T-Cell/Macrophage Activation and HIV Infection.- 1. CD4+ and CD8+ T Lymphocyte Activation in HIV Infection: Implications for Immune Pathogenesis and Therapy.- 2. Markers of Immune Cell Activation and Disease Progression: Cell Activation in HIV Disease.- 3. The Role of the Cell Cycle in HIV-1 Infection.- 4. Molecular Basis of Cell Cycle Dependent HIV-1 Replication: Implications for Control of Virus Burden.- 5. Regulation of Macrophage Activation and HIV Replication.- 6. Investigations on Autologous T-Cells for Adoptive Immunotherapy of AIDS.- 7. Rational Problems Associated with the Development of Cellular Approaches in Controlling HIV Spread.- Apoptosis and Viropathogenesis of HIV Disease.- 8. The Role of Surface CD4 in HIV-Induced Apoptosis.- 9. Mechanism of Apoptosis in Peripheral Blood Mononuclear Cells of HIV-Infected Patients.- 10. Programmed Death of T Cells in the Course of HIV Infection.- 11. T Cell Apoptosis as a Consequence of Chronic Activation of the Immune System in HIV Infection.- 12. Apoptosis during HIV Infection: A Cytopathic Effect of HIV or an Important Host-Defense Mechanism against Viruses in General?.- Apoptosis and Immunopathogenesis of HIV Disease.- 13. From Cell Activation to Cell Depletion: The Programmed Cell Death Hypothesis of AIDS Pathogenesis.- 14. Immunosuppression by a Noncytolytic Virus Via T Cell Mediated Immunopathology: Implication for AIDS.- 15. Clonal Expansion of T Cells and HIV Genotypes in Microdissected Splenic White Pulps Indicates Viral Replication in Situ and Infiltration of HIV-Specific Cytotoxic T Lymphocytes.- 16. Autoimmunity, Apoptosis Defects, and Retroviruses.- 17. AIDS as Immune System Activation: Key Questions that Remain.- Mediators of T-Cell Activation/Apoptosis and Therapeutic Applications.- 18. Inhibition of T Lymphocyte Activation and Apoptotic Cell Death by Cyclosporin A and Tacrolimus (FK506): Its Relevance to Therapy of HIV Infection.- 19. Cyclophilin and Gag in HIV-1 Replication and Pathogenesis.- 20. Long-Term Follow-up of HIV Positive Asymptomatic Patients Having Received Cyclosporin A.- 21. Prospective Views of HIV Pathology: Clues for Therapeutic Strategies.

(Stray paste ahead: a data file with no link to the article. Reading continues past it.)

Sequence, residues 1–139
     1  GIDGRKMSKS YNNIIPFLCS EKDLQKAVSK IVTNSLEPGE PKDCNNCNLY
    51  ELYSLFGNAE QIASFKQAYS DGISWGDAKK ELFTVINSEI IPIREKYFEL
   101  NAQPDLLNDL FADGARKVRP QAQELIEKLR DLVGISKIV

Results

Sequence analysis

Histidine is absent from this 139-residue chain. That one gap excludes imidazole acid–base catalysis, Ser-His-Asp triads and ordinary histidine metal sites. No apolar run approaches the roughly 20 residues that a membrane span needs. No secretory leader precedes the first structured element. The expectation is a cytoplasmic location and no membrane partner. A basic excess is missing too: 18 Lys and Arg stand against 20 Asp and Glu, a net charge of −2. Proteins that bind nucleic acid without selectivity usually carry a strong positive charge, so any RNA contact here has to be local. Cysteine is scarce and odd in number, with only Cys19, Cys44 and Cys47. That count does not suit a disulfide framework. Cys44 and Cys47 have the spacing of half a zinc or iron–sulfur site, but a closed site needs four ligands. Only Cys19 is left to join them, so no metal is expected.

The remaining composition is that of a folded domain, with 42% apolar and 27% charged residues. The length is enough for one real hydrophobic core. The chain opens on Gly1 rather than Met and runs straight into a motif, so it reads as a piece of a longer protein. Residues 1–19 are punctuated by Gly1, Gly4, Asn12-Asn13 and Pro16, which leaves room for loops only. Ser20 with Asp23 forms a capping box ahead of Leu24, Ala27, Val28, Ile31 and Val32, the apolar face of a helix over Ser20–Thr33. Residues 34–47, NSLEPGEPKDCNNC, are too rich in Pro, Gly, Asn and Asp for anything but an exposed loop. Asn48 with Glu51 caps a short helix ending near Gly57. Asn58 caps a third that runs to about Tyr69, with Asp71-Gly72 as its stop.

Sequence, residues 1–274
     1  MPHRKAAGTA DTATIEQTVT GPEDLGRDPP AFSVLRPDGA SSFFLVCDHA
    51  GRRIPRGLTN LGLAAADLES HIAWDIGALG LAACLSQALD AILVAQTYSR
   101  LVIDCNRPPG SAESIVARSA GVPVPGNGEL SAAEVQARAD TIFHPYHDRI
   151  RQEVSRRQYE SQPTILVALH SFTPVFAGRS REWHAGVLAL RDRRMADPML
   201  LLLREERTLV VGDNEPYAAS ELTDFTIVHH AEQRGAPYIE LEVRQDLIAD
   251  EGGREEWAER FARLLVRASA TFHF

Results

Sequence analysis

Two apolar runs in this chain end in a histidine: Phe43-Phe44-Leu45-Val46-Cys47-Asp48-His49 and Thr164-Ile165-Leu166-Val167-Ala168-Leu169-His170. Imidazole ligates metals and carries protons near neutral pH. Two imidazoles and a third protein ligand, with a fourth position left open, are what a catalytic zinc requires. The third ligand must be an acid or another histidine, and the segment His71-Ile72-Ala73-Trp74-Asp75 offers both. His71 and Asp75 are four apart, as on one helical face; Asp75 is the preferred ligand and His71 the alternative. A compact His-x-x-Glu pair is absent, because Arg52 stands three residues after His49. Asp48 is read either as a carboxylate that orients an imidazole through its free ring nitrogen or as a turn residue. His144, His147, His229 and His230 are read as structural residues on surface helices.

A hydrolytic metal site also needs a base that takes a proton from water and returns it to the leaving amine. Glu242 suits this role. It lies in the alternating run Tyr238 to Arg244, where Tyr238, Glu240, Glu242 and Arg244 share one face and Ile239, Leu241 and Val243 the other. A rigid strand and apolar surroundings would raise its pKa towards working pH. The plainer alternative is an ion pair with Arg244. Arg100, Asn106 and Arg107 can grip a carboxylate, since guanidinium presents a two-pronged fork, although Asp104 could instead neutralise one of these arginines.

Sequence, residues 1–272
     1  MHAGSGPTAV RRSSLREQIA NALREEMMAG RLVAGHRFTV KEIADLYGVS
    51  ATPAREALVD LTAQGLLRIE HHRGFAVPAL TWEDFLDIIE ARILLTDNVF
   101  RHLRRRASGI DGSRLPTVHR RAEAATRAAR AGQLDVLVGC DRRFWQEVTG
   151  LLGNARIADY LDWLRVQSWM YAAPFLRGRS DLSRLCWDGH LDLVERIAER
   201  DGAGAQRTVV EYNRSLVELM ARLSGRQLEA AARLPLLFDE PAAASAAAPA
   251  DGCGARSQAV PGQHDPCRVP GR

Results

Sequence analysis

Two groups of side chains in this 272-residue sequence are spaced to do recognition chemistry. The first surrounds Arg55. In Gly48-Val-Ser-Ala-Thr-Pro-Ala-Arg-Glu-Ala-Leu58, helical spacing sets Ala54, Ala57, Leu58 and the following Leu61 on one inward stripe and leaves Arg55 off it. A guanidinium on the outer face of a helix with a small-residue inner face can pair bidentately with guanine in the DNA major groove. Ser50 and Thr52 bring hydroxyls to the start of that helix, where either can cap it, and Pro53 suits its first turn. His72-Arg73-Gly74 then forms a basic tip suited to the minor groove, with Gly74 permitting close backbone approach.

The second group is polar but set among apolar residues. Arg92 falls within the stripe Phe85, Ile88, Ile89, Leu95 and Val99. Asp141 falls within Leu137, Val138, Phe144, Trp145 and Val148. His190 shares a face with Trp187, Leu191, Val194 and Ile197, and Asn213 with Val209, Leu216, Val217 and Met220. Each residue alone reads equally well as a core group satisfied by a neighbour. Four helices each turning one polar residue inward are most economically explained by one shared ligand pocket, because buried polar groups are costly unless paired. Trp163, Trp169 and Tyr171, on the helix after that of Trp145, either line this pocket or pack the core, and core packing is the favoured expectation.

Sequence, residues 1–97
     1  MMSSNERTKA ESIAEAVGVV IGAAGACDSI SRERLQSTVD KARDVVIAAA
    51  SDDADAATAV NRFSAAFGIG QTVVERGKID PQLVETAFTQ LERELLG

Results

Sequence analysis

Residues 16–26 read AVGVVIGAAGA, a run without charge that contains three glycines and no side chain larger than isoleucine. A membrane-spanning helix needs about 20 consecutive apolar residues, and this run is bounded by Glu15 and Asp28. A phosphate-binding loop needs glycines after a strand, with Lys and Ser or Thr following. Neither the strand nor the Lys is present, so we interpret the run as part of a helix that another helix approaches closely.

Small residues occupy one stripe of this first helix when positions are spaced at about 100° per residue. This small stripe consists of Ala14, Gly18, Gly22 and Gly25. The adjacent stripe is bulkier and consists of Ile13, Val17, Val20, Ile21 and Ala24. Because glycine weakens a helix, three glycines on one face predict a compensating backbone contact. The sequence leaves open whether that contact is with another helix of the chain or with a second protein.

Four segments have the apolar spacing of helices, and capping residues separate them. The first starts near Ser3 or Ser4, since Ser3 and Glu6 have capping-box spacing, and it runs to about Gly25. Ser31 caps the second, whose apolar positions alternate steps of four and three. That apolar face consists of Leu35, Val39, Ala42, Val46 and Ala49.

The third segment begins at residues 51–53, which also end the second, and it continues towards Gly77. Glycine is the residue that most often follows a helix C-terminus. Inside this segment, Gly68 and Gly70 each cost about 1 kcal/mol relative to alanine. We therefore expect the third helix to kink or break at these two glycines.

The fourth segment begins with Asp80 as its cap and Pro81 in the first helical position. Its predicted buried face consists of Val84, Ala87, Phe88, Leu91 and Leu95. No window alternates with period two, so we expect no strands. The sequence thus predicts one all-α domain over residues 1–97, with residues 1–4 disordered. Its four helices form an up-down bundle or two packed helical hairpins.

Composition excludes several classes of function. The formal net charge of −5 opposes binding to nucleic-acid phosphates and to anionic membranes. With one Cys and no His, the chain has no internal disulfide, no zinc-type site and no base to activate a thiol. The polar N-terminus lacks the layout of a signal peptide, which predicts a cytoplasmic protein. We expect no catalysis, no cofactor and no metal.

In the past decade, the global efforts in the control of HIV disease were basically concentrated on the search for anti-retroviral agents. So far, anti-HIV therapies have been shown to be disappointing because of rapid development of drug-resistant mutant variants. Despite this drawback in the therapeutic fight against HIV infection, antiviral research should be actively pursued. However, failure of antiviral therapy indicates that other avenues of research should be rapidly explored with the same energy. In this setting, striking advances have been recently made in the dissection and understanding of the viro-immunological processes governing the progressive destruction of lymphoid organs associated with AIDS develop ment, and HIV-induced activation and apoptosis have been identified as key phenomena of the immune system destruction. This book assembles the most recent advances on basic and clinical aspects ofT-cell activationiapoptosis in HIV infection and their implications for immunotherapy. These data were presented at an international symposium held on July 11-12, 1994, in Paris. The book is partitioned into 21 chapters covering four comprehensive fields: 1) T-celllmacrophage activation and HIV infection; 2) Apoptosis and viropathogenesis of HI V disease; 3) Apop tosis and immunopathogenesis ofHIV disease; 4) Mediators ofT-cell activationiapoptosis and therapeutic applications. We hope that this book will assist the readers in understanding recent advances in the viro-immunopathogenesis of HI V disease as well as the rationales for potential immune cell-targeted therapeutic interventions.
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